Journal of Resources and Ecology ›› 2016, Vol. 7 ›› Issue (5): 334-341.DOI: 10.5814/j.issn.1674-764x.2016.05.003

• Orginal Article • Previous Articles     Next Articles

The Analysis of Water Footprint of Production and Water Stress in China

GE Liqiang1, 2, XIE Gaodi2, *, LI Shimei3, CHENG Yanpei1, LUO Zhihai4   

  1. 1. Institute of Hydrogeology and Environmental Geology, Chinese Academy of Geological Sciences, Shijiazhuang 050061, China;
    2. Institute of Geographic Sciences and Natural Resources Research, Chinese Academy of Sciences, Beijing 100101, China;
    3. College of Landscape Architecture and Forestry, Qingdao Agricultural University, Qingdao 266109, China;
    4. Camborne School of Mines, University of Exeter, Penryn TR109EZ, UK
  • Received:2016-01-08 Online:2016-09-20 Published:2016-09-20
  • Contact: XIE Gaodi. E-mail: xiegd@igsnrr.ac.cn
  • Supported by:

    National Key Technology Research and Development Program of China (2016YFC0503403); Projects of China geological survey (DD20160106)

Abstract:

Water footprint of production can be used to identify pressure on national or regional water resources generated by production activities. Water stress is defined as the ratio of water use (the difference between a regional water footprint of production and a green water footprint) to renewable water resources available in a country or region. Water stress can be used to identify pressure on national or regional water resources generated by production activities. This paper estimates the water footprint of production and the water stress in China during the years 1985-2009. The result shows that China’s water footprint of production increased from 781.58 × 109 m3 in 1985 to 1109.76 × 109 m3 in 2009. Mega-cities and regions with less agriculture production due to local climatic conditions (Tibet and Qinghai) had lower water footprint of production, while the provinces (Henan, Shandong) with higher agriculture production had higher footprint. Provinces with severe water stress increased from 6 in 1985 to 9 in 2009. High to severe water stress exists mainly in mega-cities and agricultural areas located in the downstream areas of the Yellow River and the Yangtze River in North and Central China. The outlook for water resources pressure in China is not optimistic, with areas of stress expanding from northern to southern of China.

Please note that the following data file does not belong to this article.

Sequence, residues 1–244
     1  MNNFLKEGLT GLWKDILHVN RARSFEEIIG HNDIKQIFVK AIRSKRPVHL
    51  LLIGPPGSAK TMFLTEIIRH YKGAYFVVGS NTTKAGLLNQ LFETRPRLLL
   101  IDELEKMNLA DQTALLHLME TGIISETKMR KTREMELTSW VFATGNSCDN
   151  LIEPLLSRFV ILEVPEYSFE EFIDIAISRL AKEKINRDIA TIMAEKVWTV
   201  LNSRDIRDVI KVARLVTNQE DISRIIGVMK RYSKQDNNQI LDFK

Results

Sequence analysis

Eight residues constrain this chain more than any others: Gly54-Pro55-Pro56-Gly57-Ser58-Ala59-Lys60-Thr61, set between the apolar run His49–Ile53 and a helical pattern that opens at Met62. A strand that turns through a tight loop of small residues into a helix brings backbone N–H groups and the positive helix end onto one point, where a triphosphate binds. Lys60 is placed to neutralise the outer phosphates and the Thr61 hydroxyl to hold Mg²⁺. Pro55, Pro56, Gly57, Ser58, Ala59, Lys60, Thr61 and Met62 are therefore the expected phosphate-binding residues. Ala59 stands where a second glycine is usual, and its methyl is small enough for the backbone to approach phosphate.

Key words: blue water footprint, China, green water footprint, grey water footprint, water footprint of production, water stress